“DEATH TO ALL DRUG TRAFFICKERS”—these words, in blood-red letters on the flight entry form, welcome all travellers to Saudi Arabia. As I fill out the card, the bright orange lights of Riyadh glow in my window. I’ve missed this place.
It’s been four years since I last visited my family. We have a unique status in Saudi Arabia as Arab Christians. We speak Arabic like Saudis—albeit with a Lebanese accent—and my family has lived here for twenty-five years, yet we are still considered foreigners because of our citizenship and our religion. There are no churches in Saudi Arabia, and celebrating Christian holidays is only allowed in the privacy of one’s home; large get-togethers are frowned upon.
I’ve decided to surprise my family by coming home from university in North America two days before they are expecting me. “I’ll be arriving on Friday at ten pm,” I said to my mother over the phone. “By the way, what are you guys doing Wednesday evening?”
“Sweetie, you know this country,” she said. “I’ll probably be watching TV, your brother will be with friends, and your dad will be at work. Remember, it’s Ramadan over here; people keep working late. Why do you ask?”
“No reason. OK, Mom, I’ll see . . . I mean, I’ll talk to you tomorrow.”
I hand my passport and entry form to the customs official. “Marhaba,” I say to him. “Hello.” He reads my passport with an amused expression.
“Your name is Bahtreek?” he asks in Arabic.
“Yes,” I reply.
In Arabic, the letter P does not exist. Recently, with “pizza,” “computer” and other foreign words making their way into everyday Arab speech, the letter B was modified by adding two dots below the character to create an ad hoc P, thus allowing for phonetic pronunciation of the foreign word. Many Arabic speakers still find this difficult, though, and opt to use B rather than tackle the more challenging P sound. Even my grandparents have problems pronouncing my name.
The customs officer stamps my passport and I make my way to the baggage claim area, my least favourite part of travelling to Saudi Arabia. Customs officials run all bags through an X-ray machine and if they spot anything suspicious—contraband items like drugs, alcohol, pornography, etc.—they search your luggage by hand. Placing a layer of lingerie at the top of the bag is a well-known tactic among women; customs officials let bags pass, barely searched, to save themselves the humiliation of sifting through silky red materials. Being a single male, however, lingerie is not really an option.
“Open your bag, blease,” a dark, mustached man tells me in broken English. “You have CD and game, blease take out.”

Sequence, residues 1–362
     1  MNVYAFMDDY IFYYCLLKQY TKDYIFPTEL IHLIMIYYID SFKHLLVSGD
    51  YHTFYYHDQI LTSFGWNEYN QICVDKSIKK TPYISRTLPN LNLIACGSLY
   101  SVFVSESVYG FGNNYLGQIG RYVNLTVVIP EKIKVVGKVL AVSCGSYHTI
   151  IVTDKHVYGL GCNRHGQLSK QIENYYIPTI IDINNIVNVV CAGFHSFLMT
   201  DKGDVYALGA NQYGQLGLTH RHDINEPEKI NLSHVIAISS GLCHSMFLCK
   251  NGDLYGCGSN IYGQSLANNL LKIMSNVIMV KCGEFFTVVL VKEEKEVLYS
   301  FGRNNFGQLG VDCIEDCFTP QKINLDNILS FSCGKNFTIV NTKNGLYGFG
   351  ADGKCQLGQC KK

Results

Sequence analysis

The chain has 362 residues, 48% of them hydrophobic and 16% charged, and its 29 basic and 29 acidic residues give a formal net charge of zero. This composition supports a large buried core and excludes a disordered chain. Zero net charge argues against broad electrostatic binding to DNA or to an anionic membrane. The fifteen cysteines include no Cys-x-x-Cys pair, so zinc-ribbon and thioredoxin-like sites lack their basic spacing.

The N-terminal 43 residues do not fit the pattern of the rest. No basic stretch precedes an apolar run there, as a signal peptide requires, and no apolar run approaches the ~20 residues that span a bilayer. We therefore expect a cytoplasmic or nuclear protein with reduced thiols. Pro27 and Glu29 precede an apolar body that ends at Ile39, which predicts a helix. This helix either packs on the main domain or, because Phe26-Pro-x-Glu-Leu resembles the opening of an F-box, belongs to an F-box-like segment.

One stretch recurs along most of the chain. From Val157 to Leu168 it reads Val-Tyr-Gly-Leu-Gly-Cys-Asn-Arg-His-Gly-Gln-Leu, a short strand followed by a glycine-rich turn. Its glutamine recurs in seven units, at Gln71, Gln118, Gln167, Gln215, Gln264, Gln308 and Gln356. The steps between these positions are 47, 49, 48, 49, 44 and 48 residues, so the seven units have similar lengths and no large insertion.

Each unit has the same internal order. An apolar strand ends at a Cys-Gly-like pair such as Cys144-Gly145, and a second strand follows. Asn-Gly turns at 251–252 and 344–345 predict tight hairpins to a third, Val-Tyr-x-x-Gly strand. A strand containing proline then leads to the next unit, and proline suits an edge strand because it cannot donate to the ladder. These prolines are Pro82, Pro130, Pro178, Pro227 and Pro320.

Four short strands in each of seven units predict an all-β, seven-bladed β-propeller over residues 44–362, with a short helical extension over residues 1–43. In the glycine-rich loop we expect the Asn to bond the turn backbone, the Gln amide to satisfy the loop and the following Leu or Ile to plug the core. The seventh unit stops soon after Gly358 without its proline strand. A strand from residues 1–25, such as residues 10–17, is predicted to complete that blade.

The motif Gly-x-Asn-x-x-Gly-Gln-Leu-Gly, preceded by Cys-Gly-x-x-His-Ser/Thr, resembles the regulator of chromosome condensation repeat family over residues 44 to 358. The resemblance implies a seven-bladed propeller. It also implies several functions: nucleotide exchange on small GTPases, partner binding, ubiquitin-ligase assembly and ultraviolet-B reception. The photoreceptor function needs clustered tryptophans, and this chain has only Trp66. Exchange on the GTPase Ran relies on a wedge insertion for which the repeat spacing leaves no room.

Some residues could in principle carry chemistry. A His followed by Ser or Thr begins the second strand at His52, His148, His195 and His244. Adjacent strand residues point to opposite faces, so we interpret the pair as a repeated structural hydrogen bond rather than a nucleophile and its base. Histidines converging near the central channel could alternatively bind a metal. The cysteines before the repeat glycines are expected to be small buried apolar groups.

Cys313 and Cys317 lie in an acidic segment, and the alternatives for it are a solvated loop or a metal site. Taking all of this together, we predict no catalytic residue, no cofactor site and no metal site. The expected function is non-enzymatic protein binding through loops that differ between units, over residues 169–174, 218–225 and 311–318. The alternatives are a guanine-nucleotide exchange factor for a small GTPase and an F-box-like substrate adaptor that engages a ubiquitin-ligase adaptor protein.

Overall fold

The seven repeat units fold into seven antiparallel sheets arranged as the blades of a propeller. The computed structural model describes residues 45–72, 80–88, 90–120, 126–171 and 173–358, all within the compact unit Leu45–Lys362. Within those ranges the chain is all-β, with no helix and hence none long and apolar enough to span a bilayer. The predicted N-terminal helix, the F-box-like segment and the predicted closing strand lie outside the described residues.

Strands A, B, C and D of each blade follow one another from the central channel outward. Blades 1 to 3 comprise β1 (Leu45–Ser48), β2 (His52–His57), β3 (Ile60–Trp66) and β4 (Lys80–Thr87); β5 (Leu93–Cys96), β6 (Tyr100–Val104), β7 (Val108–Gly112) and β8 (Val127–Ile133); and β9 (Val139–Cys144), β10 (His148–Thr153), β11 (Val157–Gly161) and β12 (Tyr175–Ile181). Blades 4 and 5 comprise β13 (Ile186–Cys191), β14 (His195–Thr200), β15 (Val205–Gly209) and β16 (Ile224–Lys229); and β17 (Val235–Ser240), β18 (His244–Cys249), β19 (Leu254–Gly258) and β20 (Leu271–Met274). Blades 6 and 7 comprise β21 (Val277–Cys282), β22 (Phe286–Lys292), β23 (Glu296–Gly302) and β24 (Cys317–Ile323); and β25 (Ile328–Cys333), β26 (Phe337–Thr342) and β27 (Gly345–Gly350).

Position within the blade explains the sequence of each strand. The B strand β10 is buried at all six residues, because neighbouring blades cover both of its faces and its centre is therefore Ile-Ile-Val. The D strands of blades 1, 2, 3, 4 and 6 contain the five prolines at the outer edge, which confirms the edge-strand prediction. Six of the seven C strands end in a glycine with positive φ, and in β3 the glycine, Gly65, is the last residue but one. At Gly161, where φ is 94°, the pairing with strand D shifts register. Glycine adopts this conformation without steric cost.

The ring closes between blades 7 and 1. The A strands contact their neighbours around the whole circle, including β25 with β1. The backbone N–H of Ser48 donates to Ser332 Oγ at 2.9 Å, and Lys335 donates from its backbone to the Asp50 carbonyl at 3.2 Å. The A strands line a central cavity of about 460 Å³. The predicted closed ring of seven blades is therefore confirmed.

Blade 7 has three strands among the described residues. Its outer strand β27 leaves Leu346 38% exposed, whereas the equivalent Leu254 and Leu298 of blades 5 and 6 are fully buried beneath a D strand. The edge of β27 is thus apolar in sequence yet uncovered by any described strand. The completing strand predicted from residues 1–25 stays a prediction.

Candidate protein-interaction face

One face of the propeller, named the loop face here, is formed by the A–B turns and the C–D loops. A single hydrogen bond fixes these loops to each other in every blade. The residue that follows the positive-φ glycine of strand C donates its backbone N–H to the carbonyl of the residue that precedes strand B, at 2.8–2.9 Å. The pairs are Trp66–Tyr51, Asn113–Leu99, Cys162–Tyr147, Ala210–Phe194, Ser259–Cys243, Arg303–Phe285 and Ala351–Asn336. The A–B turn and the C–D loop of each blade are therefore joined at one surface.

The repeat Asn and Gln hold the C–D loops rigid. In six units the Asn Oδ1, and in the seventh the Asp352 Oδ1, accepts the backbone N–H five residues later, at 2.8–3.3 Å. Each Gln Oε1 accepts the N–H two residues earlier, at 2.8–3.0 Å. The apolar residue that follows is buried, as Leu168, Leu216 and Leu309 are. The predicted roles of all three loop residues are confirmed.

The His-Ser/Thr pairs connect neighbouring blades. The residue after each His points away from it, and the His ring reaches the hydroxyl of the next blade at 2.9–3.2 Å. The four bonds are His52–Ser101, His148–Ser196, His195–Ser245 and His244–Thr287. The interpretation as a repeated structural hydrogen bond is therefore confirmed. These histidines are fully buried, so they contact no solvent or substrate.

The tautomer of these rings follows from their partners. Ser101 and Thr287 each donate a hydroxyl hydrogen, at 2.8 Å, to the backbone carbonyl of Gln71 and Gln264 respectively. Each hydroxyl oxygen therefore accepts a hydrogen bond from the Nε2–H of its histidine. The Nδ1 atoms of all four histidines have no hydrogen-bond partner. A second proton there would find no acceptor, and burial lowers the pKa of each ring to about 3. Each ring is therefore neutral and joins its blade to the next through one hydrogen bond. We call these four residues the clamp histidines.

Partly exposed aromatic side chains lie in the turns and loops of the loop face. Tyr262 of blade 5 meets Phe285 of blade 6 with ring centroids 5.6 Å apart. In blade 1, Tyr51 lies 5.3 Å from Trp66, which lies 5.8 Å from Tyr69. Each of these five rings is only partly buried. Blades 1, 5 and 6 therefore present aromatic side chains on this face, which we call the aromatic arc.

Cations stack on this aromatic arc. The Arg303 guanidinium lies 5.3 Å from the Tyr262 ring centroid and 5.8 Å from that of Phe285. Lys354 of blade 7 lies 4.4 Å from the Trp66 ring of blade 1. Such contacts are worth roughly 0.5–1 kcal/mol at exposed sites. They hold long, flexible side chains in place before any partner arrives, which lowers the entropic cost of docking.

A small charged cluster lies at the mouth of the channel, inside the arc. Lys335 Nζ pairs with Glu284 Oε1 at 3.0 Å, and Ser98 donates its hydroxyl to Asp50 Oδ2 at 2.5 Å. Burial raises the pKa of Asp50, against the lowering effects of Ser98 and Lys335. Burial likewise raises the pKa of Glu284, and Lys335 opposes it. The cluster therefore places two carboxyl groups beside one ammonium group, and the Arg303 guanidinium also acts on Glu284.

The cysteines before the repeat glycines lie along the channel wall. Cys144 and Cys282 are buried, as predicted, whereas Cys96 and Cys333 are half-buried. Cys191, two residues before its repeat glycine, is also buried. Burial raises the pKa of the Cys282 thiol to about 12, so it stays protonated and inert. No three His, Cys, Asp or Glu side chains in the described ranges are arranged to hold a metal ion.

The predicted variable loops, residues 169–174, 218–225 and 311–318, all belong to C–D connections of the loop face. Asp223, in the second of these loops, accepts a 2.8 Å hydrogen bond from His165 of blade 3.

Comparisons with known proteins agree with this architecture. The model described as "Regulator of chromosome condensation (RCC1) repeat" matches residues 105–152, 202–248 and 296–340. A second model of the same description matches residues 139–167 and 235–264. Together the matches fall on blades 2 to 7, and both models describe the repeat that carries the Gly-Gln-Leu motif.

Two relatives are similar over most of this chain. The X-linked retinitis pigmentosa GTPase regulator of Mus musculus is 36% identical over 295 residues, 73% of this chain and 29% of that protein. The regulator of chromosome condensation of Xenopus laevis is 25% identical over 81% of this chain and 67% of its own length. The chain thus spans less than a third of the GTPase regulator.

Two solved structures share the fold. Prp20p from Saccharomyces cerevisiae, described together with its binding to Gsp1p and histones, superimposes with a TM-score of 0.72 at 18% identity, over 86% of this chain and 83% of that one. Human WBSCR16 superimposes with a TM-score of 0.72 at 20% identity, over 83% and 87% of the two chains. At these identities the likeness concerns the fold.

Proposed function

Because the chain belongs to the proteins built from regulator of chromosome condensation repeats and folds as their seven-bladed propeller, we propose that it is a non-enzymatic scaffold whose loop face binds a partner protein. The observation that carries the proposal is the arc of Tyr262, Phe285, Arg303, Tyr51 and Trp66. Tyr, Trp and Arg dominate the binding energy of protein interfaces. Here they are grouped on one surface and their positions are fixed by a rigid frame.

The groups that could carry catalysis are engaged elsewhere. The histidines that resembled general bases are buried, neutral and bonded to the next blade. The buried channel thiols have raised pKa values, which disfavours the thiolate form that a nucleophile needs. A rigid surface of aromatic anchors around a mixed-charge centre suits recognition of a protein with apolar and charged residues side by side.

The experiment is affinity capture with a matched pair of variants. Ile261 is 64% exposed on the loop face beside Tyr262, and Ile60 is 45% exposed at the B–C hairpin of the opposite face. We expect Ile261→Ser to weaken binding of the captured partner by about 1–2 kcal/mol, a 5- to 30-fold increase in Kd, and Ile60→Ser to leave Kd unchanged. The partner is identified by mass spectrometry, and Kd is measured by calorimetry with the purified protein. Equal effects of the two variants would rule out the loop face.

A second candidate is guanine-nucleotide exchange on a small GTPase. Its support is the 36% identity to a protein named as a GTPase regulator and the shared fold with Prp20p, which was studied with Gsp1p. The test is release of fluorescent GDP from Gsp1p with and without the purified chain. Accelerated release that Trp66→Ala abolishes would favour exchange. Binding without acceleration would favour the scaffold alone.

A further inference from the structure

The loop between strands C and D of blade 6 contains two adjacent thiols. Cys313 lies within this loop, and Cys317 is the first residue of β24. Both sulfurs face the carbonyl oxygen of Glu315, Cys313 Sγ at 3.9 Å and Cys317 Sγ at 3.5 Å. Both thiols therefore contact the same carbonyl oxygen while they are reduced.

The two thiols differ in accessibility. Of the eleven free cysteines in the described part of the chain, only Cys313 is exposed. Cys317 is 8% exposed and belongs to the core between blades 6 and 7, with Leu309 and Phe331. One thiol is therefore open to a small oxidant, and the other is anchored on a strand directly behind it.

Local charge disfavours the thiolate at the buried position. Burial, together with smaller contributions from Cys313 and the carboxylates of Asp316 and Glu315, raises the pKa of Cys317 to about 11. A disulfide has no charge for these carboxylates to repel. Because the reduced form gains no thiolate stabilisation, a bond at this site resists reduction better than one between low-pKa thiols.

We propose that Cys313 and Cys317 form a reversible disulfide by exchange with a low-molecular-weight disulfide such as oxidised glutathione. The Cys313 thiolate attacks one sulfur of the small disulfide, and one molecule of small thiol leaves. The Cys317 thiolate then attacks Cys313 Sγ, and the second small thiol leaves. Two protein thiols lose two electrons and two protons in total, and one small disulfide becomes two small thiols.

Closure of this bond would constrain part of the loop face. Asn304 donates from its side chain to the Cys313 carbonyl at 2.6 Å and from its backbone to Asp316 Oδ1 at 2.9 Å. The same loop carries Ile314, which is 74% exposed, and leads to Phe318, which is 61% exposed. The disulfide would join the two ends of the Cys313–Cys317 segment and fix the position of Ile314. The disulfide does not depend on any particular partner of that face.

I pull out three music CDs, two Game Boy games and one Pokémon DVD that I carefully placed beforehand in an innocuous Forrest Gump DVD case. Pokémon is my little brother’s favourite cartoon, but conservative Muslim clerics declared it illegal last year; it teaches children to gamble, they proclaimed.
“Give CD to him with bassbort, blease.”
A Bangladeshi worker standing in a corner awaits my personal technology. I hand the discs to him with a ten-riyal bill, hidden from the inspector’s view. The worker nods his head and walks toward a nondescript room.
I know where he is going. Once, when I was thirteen, I returned to Saudi Arabia with a brand new video camera and four mini videocassettes. The videos showed what any thirteen-year-old would film: scenes of my friends and I goofing off, testing who could jump the highest, chasing young, camera-shy girls. Hours of mindless, meaningless action. The inspector took the tapes, handed my father a receipt, told him to pay a fee and in a few days call the number on the receipt, at which point he would get the movies back, if they were acceptable. In the back of the inspection area, there sat a bearded man in a room filled with TV screens. From where I was standing, I could see an English movie on one (probably Rocky), a belly dancer shaking on the next and several wedding parties—all being viewed simultaneously by the bearded censor.
That time, I got all my cassettes back in good condition, but I’m not going to take any chances with the Pokémon DVD this time around. The Bangladeshi man comes back with my items: he has not given them to the inspector. Paying him off is the only way to ensure my Christmas present will not be confiscated. I thank him and head out the gates.
Instead of taking a cab, I hitch a ride informally with a thick-spectacled, bearded Kuwaiti who left his homeland during the Gulf War. His old Caprice Classic grumbles down the airport road, which is perfectly paved and illuminated by orange street lamps and giant billboard ads. Visa, Microsoft Arabia and Nokia welcome travellers to the city in both Arabic and English.
My driver, whose name is Ahmed, lives in the social homes that the Saudi government offered Kuwaiti refugees while Saddam was burning their oil fields. He is a poor fellow with two wives and five children.
“Why did you stay in Riyadh?”
He hesitates at first, unsure why I would ask such a question. I try to make him more comfortable by explaining that my family came from Lebanon over twenty years ago for my father’s job and has stayed ever since.
“Well, one of my wives wanted to stay and we were happy here, so we stayed . . .”
“What are your feelings about the current situation with Iraq and the USA?”
“I want to see Saddam gone, God willing. Two of my cousins are still missing and no one knows where they are. I was lucky, I left Kuwait right away. However, I don’t want Americans everywhere. Bush, he wants oil. Saddam is evil and Bush is evil. I remember how the Americans were during the Gulf War in 1991. They didn’t respect our Islamic traditions.”